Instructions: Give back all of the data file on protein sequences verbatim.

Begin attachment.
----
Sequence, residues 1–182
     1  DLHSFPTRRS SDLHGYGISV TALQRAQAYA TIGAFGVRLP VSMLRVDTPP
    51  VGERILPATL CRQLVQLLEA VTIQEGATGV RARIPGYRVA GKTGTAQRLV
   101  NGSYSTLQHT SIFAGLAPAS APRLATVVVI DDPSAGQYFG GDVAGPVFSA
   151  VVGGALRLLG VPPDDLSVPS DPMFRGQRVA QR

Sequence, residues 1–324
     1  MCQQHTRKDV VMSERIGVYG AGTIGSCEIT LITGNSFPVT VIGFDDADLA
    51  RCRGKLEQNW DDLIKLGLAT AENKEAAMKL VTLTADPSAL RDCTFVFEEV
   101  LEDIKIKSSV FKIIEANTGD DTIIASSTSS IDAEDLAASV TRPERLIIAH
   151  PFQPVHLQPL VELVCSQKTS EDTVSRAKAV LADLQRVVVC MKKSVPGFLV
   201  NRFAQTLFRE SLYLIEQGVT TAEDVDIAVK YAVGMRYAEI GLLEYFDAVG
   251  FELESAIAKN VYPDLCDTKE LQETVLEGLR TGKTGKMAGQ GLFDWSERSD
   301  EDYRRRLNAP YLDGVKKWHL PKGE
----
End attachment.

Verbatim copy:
Sequence, residues 1–182
     1  DLHSFPTRRS SDLHGYGISV TALQRAQAYA TIGAFGVRLP VSMLRVDTPP
    51  VGERILPATL CRQLVQLLEA VTIQEGATGV RARIPGYRVA GKTGTAQRLV
   101  NGSYSTLQHT SIFAGLAPAS APRLATVVVI DDPSAGQYFG GDVAGPVFSA
   151  VVGGALRLLG VPPDDLSVPS DPMFRGQRVA QR

Sequence, residues 1–324
     1  MCQQHTRKDV VMSERIGVYG AGTIGSCEIT LITGNSFPVT VIGFDDADLA
    51  RCRGKLEQNW DDLIKLGLAT AENKEAAMKL VTLTADPSAL RDCTFVFEEV
   101  LEDIKIKSSV FKIIEANTGD DTIIASSTSS IDAEDLAASV TRPERLIIAH
   151  PFQPVHLQPL VELVCSQKTS EDTVSRAKAV LADLQRVVVC MKKSVPGFLV
   201  NRFAQTLFRE SLYLIEQGVT TAEDVDIAVK YAVGMRYAEI GLLEYFDAVG
   251  FELESAIAKN VYPDLCDTKE LQETVLEGLR TGKTGKMAGQ GLFDWSERSD
   301  EDYRRRLNAP YLDGVKKWHL PKGE